Embracing the OPEB iceberg

by E.J. McMahon |  | NY Torch

In what’s become an annual tradition, New York state lawmakers have re-introduced bills designed to prohibit or restrict changes to expensive continuing health insurance coverage for current and future government retirees—which would effectively lock in a growing unfunded liability of more than a quarter trillion dollars for taxpayers across the state.

Most New York state, municipal and school district employees who retire directly from a government payroll after minimally vesting in a public pension system can retain coverage under their (typically gold- or platinum-level) health insurance plans, with little or no required personal contribution. Also known as other post-employment benefits, or OPEB, this perk has vanished from employee compensation packages in most of the private sector.

Because most government employees retire before reaching the Medicare eligibility age of 65 (well before, in the case of cops and firefighters), and because retiree health premiums are separate from pensions, the cost of the OPEB promise is like a massive iceberg, with only the annual pay-as-you-go premium charges reflected in annual budgets. Beneath the surface are unfunded long-term liabilities estimated at $91 billion for the state government, $99 billion for New York City, and more than $250 billion for all levels of government.

There are two differences between pensions and retiree health coverage:

  • OPEB benefits, unlike pensions, aren’t pre-funded out of statewide (or, in New York City, citywide) investment pools. As a result, the entire net present value of health benefits promised to all active and retired workers represents an unfunded liability, which typically dwarfs those for pensions and conventional long-term bonded debt.
  • OPEB is not covered by Article V, Section 7 of New York’s state constitution, which treats pension income as a contractual entitlement that cannot be “diminished or impaired.” In some cases, OPEB was granted decades ago under a law or resolution that can be changed by a local governing body. In others, it’s a collectively bargained contract provision.

In 1994, when Governor Mario Cuomo was about to unsuccessfully seek his fourth term, teacher unions won approval of a state law that bars school districts from making any change to their retiree health benefits that is not first agreed to by unions representing active employees. Ever since, with the OPEB iceberg steadily expanding, unions representing other groups of employees have sought the same or even stronger “protection” for their OPEB coverage.

Iceberg preservationists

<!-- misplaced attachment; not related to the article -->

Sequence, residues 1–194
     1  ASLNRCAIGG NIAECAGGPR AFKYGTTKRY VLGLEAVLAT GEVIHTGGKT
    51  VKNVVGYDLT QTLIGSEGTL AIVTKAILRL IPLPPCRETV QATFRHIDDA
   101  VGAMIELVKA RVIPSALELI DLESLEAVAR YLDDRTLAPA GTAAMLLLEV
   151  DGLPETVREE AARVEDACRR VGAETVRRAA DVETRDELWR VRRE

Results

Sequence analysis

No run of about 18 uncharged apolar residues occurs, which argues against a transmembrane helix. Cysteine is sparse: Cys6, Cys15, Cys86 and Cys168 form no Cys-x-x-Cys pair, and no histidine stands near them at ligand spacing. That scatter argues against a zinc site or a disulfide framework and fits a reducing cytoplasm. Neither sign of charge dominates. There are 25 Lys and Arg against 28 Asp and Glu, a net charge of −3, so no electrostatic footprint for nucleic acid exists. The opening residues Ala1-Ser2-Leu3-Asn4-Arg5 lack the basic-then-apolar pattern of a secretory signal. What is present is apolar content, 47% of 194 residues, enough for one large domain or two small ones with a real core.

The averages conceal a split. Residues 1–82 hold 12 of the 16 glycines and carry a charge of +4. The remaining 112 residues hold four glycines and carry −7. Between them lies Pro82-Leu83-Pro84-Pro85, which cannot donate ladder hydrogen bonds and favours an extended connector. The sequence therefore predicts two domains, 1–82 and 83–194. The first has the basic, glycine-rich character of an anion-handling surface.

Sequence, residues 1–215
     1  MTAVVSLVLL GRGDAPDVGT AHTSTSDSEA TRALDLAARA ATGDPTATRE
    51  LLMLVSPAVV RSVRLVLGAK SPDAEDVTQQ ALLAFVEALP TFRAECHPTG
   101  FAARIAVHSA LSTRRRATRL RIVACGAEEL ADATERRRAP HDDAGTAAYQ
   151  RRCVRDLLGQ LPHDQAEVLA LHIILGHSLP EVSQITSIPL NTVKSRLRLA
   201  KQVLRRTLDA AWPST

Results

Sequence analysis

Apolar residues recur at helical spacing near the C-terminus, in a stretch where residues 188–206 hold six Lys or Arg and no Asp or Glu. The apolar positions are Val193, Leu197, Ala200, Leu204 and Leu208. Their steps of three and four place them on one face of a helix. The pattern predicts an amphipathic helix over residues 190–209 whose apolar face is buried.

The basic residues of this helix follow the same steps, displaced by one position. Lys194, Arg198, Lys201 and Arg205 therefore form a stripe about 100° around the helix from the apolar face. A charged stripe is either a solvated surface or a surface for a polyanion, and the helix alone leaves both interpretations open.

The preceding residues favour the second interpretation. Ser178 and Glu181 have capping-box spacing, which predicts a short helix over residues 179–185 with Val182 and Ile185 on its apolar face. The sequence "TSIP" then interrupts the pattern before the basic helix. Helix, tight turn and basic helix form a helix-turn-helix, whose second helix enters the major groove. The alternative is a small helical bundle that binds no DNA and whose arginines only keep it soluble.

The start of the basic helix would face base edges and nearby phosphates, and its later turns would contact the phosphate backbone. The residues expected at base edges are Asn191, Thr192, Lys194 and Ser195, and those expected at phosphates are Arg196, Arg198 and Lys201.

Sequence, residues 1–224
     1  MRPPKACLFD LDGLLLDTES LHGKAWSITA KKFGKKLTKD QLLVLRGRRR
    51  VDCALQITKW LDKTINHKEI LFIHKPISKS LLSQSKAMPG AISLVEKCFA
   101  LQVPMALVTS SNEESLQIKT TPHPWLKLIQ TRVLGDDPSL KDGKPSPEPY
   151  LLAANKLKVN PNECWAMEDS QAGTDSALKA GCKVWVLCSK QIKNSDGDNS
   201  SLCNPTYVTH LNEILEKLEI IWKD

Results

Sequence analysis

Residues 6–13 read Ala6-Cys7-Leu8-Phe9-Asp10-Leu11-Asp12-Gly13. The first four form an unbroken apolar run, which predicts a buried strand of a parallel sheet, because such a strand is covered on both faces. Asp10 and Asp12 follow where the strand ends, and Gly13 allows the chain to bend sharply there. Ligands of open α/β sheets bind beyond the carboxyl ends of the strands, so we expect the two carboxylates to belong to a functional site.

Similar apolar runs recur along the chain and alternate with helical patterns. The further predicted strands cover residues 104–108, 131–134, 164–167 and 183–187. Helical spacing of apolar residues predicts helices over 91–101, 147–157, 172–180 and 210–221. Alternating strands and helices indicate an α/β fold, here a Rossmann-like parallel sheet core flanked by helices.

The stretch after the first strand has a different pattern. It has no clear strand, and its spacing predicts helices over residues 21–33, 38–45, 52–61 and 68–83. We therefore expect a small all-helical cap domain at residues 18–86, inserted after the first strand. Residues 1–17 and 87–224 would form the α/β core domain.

There’s been no lack of legislators willing to line up with the unions’ interests on this front.

Leading the OPEB protection charge over the past 10 years has been Sen. Andrew Lanza, a Staten Island Republican who has now reintroduced, for a sixth consecutive legislative session, a bill stipulating that government employers shall be “prohibited from diminishing” benefits for retirees or their dependents, or from changing premium contribution shares. That bill has bipartisan co-sponsorship, from Sen. Fred Akshar (R-Binghamton) and Sen. John Brooks (D-Seaford).

A “same as” version has been introduced in the Assembly by Assemblyman David Weprin, D-Queens, with support from no fewer than 31 co-sponsors or multi-sponsors, including at least nine Republicans such as former mayoral candidate Nicole Malliotakis of Staten Island as well as a mix of upstaters and Long Islanders.

The “justification” section of the sponsors’ bill memo begins with a bland statement of the obvious: “Given the increasing costs of health care, health insurance coverage is of tremendous importance to retirees and their dependents.” Noting that school employees already benefit from the 1994 lock-in law, the memo goes on to cite the need for “a uniform standard of protection which applies to all retirees and their dependents, unless covered by a more favorable union contract.”

And that’s the argument in a nutshell: government retirees want this protection (surprise!), and therefore they should have it.

But what about the cost? On that issue, the sponsors’ memo is disingenuous and misleading even by the very low standards of such legislative filings:

In reality,  the bill would lock in benefits on both the state and local level. And the current level of benefits is, in fact, a growing problem—rising considerably faster than inflation, adding to that continually growing, $250 billion-plus iceberg. For some fiscally and economically shaky municipalities with massive employee legacy burdens, the current annual cost of health insurance premiums for retirees already equals or exceeds the cost of benefits for active employees.

And, again, the Lanza-Weprin bill would make it much more difficult to curb these costs—even though the beneficiaries are by definition the best-compensated class of retirees in the state, including a small but growing number whose annual pension benefits alone exceed six figures.

Lanza’s bill was moved to the Senate floor calendar last month and is now on “third reading,” a step away from a floor vote. Weprin’s Assembly version is in the Governmental Employees Committee, chaired by the reliable union ally Peter Abbate, Jr.

Governor Andrew Cuomo, like his predecessors, presumably would veto the bill if it (or one of its near look-alike versions) ever reached his desk.

But it says something about the Legislature that so many members in both parties are willing to support such a measure, apparently without giving a second thought to the impact on taxpayers.

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- E.J. McMahon is the Research Director at the Empire Center for Public Policy.